The convenience of the American Eagle Connection is all well and good, but my favorite part of the trip is driving out on the tarmac amongst all those huge jetliners. I mean, it’s one thing to see a brand new EVA 777-300ER from an airport lounge or out the window of your airplane, but it’s quite another when you watch it taxi by just ninety feet away. Sound also plays a role in the experience. The busses are not well insulated so you can really hear the whine of those high bypass turbofans that power all the big jets these days.

Unfortunately, I didn’t have enough time to pay a visit to Alaska’s Boardroom, not if I was also going to stop by Jody Moroni’s for a Chicken Andouille Sausage. I’ve never seen a Jody Moroni’s Sausage place outside of an airport, but I do think they make an excellent sausage at a very reasonable price. If you should ever find yourself flying on Alaska out of LA, consider a visit to Jody Moroni’s. It’s got an attached sports bar with five or six televisions, so there’s always something on, even if it’s only soccer.

Following an unremarkable flight up to Seattle, I stopped by Alaska’s Baggage Service, picked up my backpack and headed off to my secret spot for a good night’s sleep.

Last edited by Seat 2A; Jan 21, 08 at 6:57 pm
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Old Jan 23, 07, 7:44 pm
  #4  
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Location: East Ester, Alaska
Programs: Alaska Airlines Million Miler, United Airlines Million Miler, Wyndham Rewards Diamond Level
Posts: 9,618
January 17, 2007
Alaska Seattle – San Diego 6:45am – 9:30am 737-700 Seat 6C
American San Diego – St. Louis 12:10pm – 5:40pm DC-9-80 Seat 22F
American Connection St. Louis – Jacksonville 7:45pm – 10:50pm ERJ-140 Seat 1A


I got a bit excited when I saw N648AS parked at gate D-1. Of the four 737-700s in Alaska’s fleet that I’ve not flown (N626AS, N628AS, N647AS and N648AS), three of them I’ve never even seen before. Possibly these aircraft might be LAX based, operating Mexico and Washington DC flights. I never fly those markets. Yet here was hope in the form of ship 648 parked in Seattle. Someday it might be assigned to one of my flights departing Seattle. Today however, it sat unassigned at D-1.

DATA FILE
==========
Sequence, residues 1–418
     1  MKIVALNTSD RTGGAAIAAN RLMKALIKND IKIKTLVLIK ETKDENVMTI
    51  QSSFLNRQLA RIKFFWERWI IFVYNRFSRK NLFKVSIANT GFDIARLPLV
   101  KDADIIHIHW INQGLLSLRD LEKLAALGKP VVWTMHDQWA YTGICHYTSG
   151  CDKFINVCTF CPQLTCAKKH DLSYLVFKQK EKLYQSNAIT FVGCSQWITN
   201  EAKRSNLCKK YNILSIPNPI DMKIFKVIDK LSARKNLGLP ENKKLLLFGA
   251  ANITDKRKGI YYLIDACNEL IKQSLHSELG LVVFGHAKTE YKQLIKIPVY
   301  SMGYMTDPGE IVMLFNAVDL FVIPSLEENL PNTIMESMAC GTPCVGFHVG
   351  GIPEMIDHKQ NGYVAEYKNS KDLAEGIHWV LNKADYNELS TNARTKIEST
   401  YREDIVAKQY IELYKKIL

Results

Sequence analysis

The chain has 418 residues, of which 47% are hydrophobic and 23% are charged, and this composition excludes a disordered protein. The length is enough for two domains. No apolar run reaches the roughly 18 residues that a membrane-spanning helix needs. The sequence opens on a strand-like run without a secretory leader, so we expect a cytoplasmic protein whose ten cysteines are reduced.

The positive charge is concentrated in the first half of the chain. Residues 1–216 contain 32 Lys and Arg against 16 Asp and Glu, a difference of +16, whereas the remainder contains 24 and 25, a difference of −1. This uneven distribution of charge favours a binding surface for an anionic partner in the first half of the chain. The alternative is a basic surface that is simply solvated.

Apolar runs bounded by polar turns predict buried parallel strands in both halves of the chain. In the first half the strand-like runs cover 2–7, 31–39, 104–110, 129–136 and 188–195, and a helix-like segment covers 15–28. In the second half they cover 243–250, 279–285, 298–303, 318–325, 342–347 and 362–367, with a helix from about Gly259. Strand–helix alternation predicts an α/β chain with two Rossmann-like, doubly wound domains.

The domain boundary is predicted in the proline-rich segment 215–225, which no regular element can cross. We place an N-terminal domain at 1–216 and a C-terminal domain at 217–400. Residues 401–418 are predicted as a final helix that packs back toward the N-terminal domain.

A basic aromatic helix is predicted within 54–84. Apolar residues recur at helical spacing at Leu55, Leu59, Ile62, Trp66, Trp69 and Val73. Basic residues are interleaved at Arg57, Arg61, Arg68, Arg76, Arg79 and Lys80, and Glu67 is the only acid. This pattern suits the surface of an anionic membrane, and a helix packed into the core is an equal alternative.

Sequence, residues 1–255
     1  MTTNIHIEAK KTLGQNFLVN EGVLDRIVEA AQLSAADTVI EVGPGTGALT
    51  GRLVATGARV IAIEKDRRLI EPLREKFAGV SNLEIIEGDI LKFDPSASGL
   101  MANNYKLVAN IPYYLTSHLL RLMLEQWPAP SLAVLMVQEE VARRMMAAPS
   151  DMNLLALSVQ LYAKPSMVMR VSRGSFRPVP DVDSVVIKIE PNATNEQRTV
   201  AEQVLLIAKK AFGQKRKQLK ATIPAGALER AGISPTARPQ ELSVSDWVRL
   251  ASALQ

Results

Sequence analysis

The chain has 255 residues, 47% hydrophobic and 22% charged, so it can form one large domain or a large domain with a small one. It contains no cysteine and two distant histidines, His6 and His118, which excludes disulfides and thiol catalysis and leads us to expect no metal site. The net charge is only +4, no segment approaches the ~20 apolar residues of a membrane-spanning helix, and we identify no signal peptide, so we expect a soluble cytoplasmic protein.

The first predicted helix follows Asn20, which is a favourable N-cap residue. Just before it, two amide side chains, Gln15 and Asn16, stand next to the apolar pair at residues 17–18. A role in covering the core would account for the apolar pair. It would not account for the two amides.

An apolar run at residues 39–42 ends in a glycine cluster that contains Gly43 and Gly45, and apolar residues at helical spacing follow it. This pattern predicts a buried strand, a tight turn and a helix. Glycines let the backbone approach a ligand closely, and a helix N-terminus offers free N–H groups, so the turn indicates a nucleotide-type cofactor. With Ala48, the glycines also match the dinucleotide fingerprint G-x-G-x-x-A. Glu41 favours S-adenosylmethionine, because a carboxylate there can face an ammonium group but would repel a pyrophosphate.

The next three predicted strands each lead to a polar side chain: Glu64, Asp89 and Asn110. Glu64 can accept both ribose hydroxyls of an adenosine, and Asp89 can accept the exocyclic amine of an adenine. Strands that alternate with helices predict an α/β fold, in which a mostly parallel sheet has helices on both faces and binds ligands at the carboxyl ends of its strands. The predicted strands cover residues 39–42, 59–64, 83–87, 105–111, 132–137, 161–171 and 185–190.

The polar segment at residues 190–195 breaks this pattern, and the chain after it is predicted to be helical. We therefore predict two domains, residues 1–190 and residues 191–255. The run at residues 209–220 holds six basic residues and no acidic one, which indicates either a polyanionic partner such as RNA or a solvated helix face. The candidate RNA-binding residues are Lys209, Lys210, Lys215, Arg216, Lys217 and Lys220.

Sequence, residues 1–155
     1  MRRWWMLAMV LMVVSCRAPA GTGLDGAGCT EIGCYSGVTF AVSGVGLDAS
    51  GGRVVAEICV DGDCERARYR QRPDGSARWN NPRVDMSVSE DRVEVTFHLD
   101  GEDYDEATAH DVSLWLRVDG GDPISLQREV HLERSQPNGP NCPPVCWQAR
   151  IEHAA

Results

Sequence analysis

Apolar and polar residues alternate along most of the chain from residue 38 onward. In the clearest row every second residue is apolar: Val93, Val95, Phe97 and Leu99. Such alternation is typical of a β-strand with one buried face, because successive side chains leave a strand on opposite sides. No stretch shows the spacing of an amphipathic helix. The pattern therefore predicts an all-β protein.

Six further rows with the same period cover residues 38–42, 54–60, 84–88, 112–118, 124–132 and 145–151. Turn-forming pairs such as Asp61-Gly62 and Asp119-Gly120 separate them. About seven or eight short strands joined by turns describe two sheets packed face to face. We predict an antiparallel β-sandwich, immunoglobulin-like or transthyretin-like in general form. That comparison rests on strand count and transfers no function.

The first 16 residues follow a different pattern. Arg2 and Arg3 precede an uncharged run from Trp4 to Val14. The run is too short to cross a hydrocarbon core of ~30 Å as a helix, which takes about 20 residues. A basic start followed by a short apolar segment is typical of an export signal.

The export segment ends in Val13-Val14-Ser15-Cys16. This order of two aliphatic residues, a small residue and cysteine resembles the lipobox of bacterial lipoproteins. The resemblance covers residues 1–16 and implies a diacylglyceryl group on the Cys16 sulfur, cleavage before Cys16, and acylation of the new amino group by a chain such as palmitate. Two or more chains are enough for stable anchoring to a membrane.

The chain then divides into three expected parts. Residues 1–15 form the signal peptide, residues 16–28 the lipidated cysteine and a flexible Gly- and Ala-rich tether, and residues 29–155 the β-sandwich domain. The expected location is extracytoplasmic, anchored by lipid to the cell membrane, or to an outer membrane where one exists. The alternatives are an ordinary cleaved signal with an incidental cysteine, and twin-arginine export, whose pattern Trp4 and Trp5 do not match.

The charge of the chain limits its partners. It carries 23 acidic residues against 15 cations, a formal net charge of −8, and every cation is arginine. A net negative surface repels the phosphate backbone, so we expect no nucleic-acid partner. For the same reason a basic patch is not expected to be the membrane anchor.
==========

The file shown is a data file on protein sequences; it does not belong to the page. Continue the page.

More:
As for me, I got reacquainted with my old friend N627AS. How ironic that after spotting one of Alaska’s 737-700s that I’d never even seen before, I should then be flying to San Diego aboard the one -700 that I’ve flown more than any other. So far I’ve logged 8 flights and 6,010 miles on ship 627. While I’ve flown it more often than any other 737-700 in Alaska’s fleet, the all time mileage leader for me is ship 615, on which I’ve logged six flights covering 12,700 miles.

But enough of that. These are all things that I have fun dealing with. The rest a youse just have to be sure you’re in the gate area and ready to board at least twenty minutes before scheduled departure time.

Although the conditions outside didn’t appear to warrant it, the Captain decided we needed an appointment with the de-icing truck before heading off to sunny San Diego. Half an hour later, I watched from my vantage point in 6C as First Class passengers received breakfast trays bearing a little round quiche served with a side of fresh fruit. The rest of us plebeians behind the curtain dined upon oatmeal raisin cookers, served with the beverage of our choice.

Since I’m no longer traveling on an award ticket, some of you may be wondering why, as an MVP Gold, I’ve been sitting back in coach on all of the Alaska flights described so far. I’m traveling on an American Airlines issued ticket, and the Alaska flights are code shares. That in itself doesn’t prohibit me from upgrading to First Class, but it does change the rules a little bit. Had I purchased a deeply discounted Alaska generated fare, I’d be able to upgrade three days out. Traveling on an AA issued fare however, I can only upgrade on day of travel. Fair enough. At least I can still upgrade and in the meantime, I’ve got an exit row or bulkhead seat available to me at the time of booking. So, I’ve no complaints with Alaska Airlines. Just thanks. I think they treat us Golds just fine.